drop to flat bars: what's needed?
Results 1 to 9 of 9
  1. #1
    RoadBikeReview Member
    Reputation:
    Join Date
    Nov 2004
    Posts
    248

    drop to flat bars: what's needed?

    I have an old Gunnar Crosshairs with drop bars, 9 speed Shimano 105 triple, standard 105 front derailleur, Deore XT rear derailleur, and SRAM cassette (I know, kind of wimpy, but there's big hills where I live). I'm thinking of converting it to a flat bar and am wondering what changes I'll have to make. Will I be able to keep the standard front derailleur? Can I use about any standard mountain bike 8 speed shifters? I figure I'll have to get an 8 speed cassette. Will I have to get smaller chainrings? Will I have to mess with the cables much, or basically just shorten them a little? Thanks for any help.

  2. #2
    100% torqued
    Reputation:
    Join Date
    Jun 2005
    Posts
    766
    Unless you are running a 31.8 bar and stem you will probably need a new stem and bar. Most road bike handle bars are 26.0 mm diameter at the clamp. Just measure. You can use your derailleurs, rings and cassette. You just need a 9 speed set of Shimano mtb shifters, or Sram/Gripshifters that are shimano compatible. I wouldn't switch to 8 speed, it is a little more trouble. Chain, cassette and harder to find 8 speed shifters are needed. Brake levers will need to be compatible with cantilevers or shortpull if that is what you run. If you run V's get V compatible and lose the travel adapter (pulley thing at the brake arm).

  3. #3
    Bike Dude
    Reputation:
    Join Date
    Sep 2003
    Posts
    986
    Why? You will have a few more places to put your hands on using your drop bars. Why not stick with what you have?

  4. #4
    RoadBikeReview Member
    Reputation:
    Join Date
    Nov 2004
    Posts
    248

    top tube a little long etc.

    Good question, but the top tube is a little long for me and I already have a short (about 10 cm) stem with a rise on the bike. I really like the bike though, and it can take fenders and larger tires, so I think it will become a city/commuter type bike. Adding bar ends will give me more options for hand positions.

  5. #5

    Reputation:
    Join Date
    Aug 2007
    Posts
    142

    maybe try moustache bars

    I'm not sure if your shifters are on the brake levers or on the downtube, but in either case you may be able to keep the same levers and use some moustache bars:
    http://www.sheldonbrown.com/gloss_m.html#moustache

    It might not be the most ergonomic way to use your levers (and maybe shifters) but if you use moustache bars instead of straight bars you might be able to keep the brake levers... the cabling just wont be as clean looking... but they will mount to the convex curved area. This might be the most budget friendly option though.

  6. #6
    RoadBikeReview Member
    Reputation:
    Join Date
    Nov 2004
    Posts
    248

    good idea

    Thanks for the idea, that is a possibility.

  7. #7

    Reputation:
    Join Date
    Aug 2007
    Posts
    142
    There are also a number of similar bars in different shapes available that dont look quite so moustachey such as this one:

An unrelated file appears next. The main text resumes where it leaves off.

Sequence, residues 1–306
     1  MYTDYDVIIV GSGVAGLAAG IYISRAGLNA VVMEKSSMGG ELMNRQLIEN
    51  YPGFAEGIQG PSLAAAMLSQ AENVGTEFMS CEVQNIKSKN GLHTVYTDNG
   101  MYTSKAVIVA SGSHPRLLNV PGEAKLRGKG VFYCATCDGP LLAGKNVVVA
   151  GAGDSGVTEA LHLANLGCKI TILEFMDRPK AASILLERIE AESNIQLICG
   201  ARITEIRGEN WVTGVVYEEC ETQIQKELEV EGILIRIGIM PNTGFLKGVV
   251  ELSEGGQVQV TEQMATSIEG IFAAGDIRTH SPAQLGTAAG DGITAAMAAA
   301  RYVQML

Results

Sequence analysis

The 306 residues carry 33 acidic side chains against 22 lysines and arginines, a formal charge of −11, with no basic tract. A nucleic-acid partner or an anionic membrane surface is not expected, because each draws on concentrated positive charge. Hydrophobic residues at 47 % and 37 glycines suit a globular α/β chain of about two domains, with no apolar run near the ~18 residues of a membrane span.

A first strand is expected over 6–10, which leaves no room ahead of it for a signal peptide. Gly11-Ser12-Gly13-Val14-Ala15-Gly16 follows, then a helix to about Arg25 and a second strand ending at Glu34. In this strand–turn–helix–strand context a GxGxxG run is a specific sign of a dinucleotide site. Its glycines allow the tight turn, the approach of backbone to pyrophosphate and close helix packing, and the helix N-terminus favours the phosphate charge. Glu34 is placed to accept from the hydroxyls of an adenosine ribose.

https://sheldonbrown.com/harris/images/nittonorthrd.jpg

  8. #8
    wim
    wim is offline
    RoadBikeReview Member
    Reputation:
    Join Date
    Feb 2005
    Posts
    11,460
    Just an add-on thought to the classic "Rivendell" mustache bar: because these bars put your hands far forward of the stem clamp, they increase reach enormously. If you're comfortable with a 10 cm stem now, you'll have to use a 7 cm stem with the mustache bar to replicate your current reach. Not a big deal though—as long as you wind up with the same reach you have now, stem length is irrelevant.

    /
    Last edited by wim; 02-15-2008 at 02:42 PM.

  9. #9

    Reputation:
    Join Date
    Jan 2007
    Posts
    129
    Quote Originally Posted by ProsperityRed
    There are also a number of similar bars in different shapes available that dont look quite so moustachey such as this one:

    https://sheldonbrown.com/harris/images/nittonorthrd.jpg
    This is B302 Nitto All Rounder bar.
    It's cheaper and narrower (width is 51cm) than Nitto North Road (54 or 56cm). I think that North Road is more comfortable.
    They both, and many other city bars, have the 25.4mm clamp diameter while road bars usually have 26.0mm. You'll need a shim 25.4-26 to install it correctly.

    I found that trigger shifters are not comfortable with this handlebar because it is curved, and trigger shifters are made for the 90 degrees to the handlebar hand position. Grip shifters are more comfortable. I recommend 9-speed SRAM Attack. They work with Shimano rear derailleurs and have micro adjusting, the feature that helps to move the front derailleur a little bit to the right or left when the chain rubs.

    You'll probably have to buy new cables and housing because they can be longer.
    Also, you need to buy brake levers that work with road brakes.

Posting Permissions

  • You may not post new threads
  • You may not post replies
  • You may not post attachments
  • You may not edit your posts
  •  

THE SITE

ABOUT ROADBIKEREVIEW

VISIT US AT

© Copyright 2020 VerticalScope Inc. All rights reserved.